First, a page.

Handling Fifty Shades of Grey

If you haven’t read Fifty Shades of Grey, the erotic best-seller that has swept north American women by storm, I’d like to offer you a workplace-related ‘how-to’ version of it.

This version will (unfortunately) not include the sex part, only the ‘grey’ part (so sorry to disappoint). It may not be quite as exciting as the book, but there’s a good chance that it will prove to be more valuable to you in the long run.

You may have noticed that most respect-related situations in the workplace are not clear-cut, black-and-white scenarios. In fact, most often they are somewhere in that ‘grey’ zone – hard to diagnose, and difficult to address constructively without hitting the wrong note.

So, if you’re going to respond to something that someone did or said that you found offensive, it will be prudent to adopt Stephen Covey’s advice: “Begin with the end in mind”.  Responding to an off-colour remark or to uncivil behaviour will be much easier and effective – and require less courage – if you have clear objectives before you set out to speak with the person.

Here are the three objectives that should guide absolutely any intervention you initiate:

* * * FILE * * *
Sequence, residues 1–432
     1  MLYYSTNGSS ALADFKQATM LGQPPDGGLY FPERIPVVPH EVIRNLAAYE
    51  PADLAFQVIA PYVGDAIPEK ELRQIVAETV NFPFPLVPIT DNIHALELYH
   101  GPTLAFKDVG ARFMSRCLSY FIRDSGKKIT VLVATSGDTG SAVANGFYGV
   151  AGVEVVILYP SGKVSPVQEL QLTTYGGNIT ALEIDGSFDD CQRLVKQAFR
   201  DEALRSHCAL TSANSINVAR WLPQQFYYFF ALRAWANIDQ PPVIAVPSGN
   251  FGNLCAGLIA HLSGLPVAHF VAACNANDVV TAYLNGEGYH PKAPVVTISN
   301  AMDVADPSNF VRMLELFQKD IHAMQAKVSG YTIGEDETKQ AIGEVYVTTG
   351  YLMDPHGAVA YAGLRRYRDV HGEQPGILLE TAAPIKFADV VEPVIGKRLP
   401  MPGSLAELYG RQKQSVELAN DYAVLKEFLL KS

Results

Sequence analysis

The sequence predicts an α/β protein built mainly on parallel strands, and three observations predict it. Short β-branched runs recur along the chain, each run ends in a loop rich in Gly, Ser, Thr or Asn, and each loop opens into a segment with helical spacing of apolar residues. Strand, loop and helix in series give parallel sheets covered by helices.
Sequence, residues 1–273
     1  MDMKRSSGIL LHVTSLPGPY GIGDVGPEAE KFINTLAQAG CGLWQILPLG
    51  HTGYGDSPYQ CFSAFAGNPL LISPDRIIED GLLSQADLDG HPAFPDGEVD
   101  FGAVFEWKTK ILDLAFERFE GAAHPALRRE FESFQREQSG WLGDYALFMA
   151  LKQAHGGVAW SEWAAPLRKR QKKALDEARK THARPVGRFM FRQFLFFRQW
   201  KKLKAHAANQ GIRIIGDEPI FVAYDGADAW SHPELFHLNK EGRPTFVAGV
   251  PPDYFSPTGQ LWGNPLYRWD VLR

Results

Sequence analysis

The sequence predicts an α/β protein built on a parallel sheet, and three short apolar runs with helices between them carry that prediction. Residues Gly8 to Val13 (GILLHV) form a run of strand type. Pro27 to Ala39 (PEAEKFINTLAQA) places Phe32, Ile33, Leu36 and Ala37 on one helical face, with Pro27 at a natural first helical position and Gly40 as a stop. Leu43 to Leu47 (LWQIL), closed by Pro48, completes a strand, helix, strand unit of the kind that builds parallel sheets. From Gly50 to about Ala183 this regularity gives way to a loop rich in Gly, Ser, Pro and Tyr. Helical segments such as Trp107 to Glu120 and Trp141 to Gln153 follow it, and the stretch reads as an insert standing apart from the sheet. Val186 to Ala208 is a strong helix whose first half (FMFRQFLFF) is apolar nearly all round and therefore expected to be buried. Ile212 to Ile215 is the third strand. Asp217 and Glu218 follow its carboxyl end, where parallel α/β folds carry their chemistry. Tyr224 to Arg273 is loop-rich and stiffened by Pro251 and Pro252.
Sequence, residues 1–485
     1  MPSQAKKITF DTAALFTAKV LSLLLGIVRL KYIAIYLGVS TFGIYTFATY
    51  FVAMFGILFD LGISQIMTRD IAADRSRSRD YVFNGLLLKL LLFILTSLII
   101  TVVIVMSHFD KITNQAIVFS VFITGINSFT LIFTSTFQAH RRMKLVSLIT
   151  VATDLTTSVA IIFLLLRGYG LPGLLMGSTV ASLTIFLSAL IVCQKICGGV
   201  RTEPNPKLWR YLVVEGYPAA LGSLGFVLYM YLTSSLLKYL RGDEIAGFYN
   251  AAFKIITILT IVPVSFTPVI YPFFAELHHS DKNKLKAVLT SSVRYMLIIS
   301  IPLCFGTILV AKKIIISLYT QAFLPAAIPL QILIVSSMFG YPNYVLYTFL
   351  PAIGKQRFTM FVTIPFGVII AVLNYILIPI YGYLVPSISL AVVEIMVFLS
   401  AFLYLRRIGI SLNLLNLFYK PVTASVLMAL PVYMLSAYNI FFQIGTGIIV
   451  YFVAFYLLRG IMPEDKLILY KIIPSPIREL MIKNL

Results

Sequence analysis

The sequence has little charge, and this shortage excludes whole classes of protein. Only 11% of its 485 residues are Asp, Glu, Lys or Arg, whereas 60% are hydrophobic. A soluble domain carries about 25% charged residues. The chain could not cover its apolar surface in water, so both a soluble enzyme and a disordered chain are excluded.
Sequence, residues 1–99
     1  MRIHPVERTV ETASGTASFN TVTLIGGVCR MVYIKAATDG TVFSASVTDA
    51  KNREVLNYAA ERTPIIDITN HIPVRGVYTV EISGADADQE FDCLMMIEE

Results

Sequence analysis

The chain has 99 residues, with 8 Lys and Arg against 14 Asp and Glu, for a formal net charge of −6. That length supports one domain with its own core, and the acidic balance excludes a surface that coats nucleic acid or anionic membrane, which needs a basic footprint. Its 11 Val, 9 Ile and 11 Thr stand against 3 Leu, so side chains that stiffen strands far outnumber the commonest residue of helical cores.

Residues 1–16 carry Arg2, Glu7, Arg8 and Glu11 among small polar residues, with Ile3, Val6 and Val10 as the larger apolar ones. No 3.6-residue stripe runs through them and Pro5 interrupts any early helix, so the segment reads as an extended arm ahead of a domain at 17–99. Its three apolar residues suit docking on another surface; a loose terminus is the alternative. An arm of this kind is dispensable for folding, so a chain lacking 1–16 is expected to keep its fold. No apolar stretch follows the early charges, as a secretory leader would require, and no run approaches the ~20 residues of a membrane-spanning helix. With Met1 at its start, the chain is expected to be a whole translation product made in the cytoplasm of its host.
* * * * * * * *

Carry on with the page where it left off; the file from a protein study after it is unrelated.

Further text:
1. Stop the behaviour. Whatever you do, it has to convey the message that the behaviour has got to stop. Be direct and specific in describing the problem conduct, and very clear about your request for it to stop. Beware of using humour – it detracts from the clarity of the message.
  2. Maintain everyone’s dignity. It’s very easy to intervene in a harsh way that ends up being hurtful or degrading to the other person, adding injury to insult. So make sure to use language and a tone that conveys respect and collegiality. Maintaining the dignity of the other person (or persons) is especially important if you are responding in public to a problem behaviour.
  3. Preserve the relationship. Workplace relationships can easily go sour. A wrong word or gesture can be the trigger for long-lasting conflict. So whatever you do when you approach that person, remember that your objective is to preserve (and possibly even strengthen) the relationship, not ruin it. An awareness to this objective will help you maintain the right tone and approach.

  P.S. to boost capacity in handling all ‘shades of grey’, you’re always welcome to check out our training-related services.

 

We’re here to help, anytime.

This entry was posted in Blog, Harassment, Leadership, Respectful Workplace, Workplace Incivility. Bookmark the permalink.

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